Alpha-helical domain from IL-8 of salmonids: Mechanism of action and identification of a novel antimicrobial function
Santana, P., Salinas, N., Álvarez, C., Mercado, L., & Guzmán, F.
In this work, the potential antimicrobial role and mechanism of action of α-helix domain of trout and salmon IL-8 against Eschericia coli, Pseudomonas aeruginosa and Staphylococcus aureus was investigated. By an in silico analysis of the primary structure of IL-8 from Oncorhynchus mykiss and salmo salar, it was evidenced that γ-core motif was present, as in the vast majority of kinocidins. The α-helix domain of IL-8 (αIL-8) was synthesized by solid phase peptide synthesis and showed a tendency to form an α-helix conformation, as revealed by circular dichroism. Additionally, it was demonstrated that αIL-8 from both species showed antimicrobial activity against E. coli, P. aeruginosa and S. aureus. Membrane permeabilization and co-localization assay, as well as scanning electron microscopy, showed that these peptides were accumulated on the cell surface and in the cytoplasm, suggesting that they were capable of permeabilizing and disrupt the bacterial membranes and interact with cytoplasmic components. Our results represent the first analysis on the antimicrobial function of IL-8-derived peptide from salmonids.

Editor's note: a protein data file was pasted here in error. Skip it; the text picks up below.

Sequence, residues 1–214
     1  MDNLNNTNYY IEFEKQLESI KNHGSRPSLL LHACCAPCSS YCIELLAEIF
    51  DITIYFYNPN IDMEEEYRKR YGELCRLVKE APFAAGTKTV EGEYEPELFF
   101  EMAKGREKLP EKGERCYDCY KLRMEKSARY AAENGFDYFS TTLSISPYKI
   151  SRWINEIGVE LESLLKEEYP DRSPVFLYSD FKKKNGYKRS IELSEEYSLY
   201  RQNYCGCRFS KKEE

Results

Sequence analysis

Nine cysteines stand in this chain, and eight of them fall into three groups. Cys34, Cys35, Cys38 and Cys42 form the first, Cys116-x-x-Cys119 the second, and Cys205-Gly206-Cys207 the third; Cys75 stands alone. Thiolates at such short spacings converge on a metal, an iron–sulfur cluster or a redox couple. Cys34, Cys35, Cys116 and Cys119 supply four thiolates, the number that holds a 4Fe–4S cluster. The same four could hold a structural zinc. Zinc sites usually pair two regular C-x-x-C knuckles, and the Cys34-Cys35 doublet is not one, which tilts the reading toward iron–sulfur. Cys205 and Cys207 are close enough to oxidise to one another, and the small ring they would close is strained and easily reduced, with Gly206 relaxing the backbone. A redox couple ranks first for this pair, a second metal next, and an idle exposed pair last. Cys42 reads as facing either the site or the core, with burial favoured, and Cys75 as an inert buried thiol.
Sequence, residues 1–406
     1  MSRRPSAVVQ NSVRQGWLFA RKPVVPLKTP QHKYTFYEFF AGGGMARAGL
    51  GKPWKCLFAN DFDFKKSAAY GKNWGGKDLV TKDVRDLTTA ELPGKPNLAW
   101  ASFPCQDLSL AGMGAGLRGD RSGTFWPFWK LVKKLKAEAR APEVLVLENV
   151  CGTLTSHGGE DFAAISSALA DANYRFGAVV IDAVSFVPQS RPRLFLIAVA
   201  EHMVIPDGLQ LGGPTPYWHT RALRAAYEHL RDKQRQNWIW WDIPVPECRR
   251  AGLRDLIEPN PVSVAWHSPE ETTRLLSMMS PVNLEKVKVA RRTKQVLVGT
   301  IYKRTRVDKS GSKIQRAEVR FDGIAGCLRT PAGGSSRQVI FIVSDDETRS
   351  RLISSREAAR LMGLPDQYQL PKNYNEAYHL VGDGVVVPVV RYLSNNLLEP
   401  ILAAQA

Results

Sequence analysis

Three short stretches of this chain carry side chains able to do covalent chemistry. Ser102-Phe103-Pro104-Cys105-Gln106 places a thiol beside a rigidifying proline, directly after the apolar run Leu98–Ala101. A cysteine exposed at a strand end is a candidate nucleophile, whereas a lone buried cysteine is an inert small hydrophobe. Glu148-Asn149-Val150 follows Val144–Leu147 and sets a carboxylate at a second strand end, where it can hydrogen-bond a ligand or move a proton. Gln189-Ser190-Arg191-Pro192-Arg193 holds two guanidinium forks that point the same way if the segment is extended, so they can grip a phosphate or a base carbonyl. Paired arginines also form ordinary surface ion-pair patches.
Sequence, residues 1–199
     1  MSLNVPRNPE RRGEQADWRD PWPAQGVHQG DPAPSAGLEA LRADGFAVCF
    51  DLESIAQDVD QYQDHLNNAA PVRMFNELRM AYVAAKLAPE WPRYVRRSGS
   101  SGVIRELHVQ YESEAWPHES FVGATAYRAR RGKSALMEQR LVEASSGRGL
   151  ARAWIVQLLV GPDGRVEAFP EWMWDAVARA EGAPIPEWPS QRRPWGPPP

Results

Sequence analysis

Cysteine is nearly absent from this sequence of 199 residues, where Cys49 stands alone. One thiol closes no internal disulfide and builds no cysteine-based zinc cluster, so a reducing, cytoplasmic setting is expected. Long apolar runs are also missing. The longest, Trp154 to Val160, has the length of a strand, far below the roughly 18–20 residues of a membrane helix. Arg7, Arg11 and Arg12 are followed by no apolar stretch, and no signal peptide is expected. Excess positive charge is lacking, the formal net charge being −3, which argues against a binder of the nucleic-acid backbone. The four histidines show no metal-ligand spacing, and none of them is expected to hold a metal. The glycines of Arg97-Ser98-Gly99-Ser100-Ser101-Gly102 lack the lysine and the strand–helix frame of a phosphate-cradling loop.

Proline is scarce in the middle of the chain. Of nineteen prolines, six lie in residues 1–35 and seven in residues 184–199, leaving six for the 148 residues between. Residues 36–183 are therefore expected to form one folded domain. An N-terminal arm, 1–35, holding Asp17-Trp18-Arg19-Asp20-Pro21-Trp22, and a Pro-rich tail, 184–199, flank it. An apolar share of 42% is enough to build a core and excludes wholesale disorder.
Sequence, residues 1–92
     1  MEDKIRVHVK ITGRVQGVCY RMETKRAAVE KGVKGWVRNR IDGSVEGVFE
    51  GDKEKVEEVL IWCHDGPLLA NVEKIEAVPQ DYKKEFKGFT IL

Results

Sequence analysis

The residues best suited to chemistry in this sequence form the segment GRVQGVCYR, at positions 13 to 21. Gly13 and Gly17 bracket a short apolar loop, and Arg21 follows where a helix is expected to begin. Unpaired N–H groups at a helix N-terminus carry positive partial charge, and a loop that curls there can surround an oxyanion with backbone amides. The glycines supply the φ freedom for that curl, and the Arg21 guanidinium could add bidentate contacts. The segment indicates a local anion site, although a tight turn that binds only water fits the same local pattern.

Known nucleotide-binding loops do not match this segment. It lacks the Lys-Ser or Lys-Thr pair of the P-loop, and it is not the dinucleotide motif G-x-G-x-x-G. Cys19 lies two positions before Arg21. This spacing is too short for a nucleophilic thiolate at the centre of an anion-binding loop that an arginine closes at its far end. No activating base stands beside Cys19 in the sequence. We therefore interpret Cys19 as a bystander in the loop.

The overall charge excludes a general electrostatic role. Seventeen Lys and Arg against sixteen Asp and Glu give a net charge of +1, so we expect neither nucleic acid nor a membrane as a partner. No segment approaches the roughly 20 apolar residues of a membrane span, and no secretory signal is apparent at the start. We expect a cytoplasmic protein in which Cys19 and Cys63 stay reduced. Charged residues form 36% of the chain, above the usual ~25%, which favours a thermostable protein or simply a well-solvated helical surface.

Palabras claves: Interleukin-8, Synthetic peptide, Antimicrobial activity, Salmonids
Referencia APA: Santana, P., Salinas, N., Álvarez, C., Mercado, L., & Guzmán, F. (2018). Alpha-helical domain from IL-8 of salmonids: Mechanism of action and identification of a novel antimicrobial function. Biochemical And Biophysical Research Communications, 498(4), 803-809. doi: 10.1016/j.bbrc.2018.03.061
Understanding the antimicrobial properties/activity of an 11-residue Lys homopeptide by alanine and proline scan
Carvajal-Rondanelli, P., Aróstica, M., Álvarez, C., Ojeda, C., Albericio, F., Aguilar, L.F., Marshall, S.H., Guzmán, F.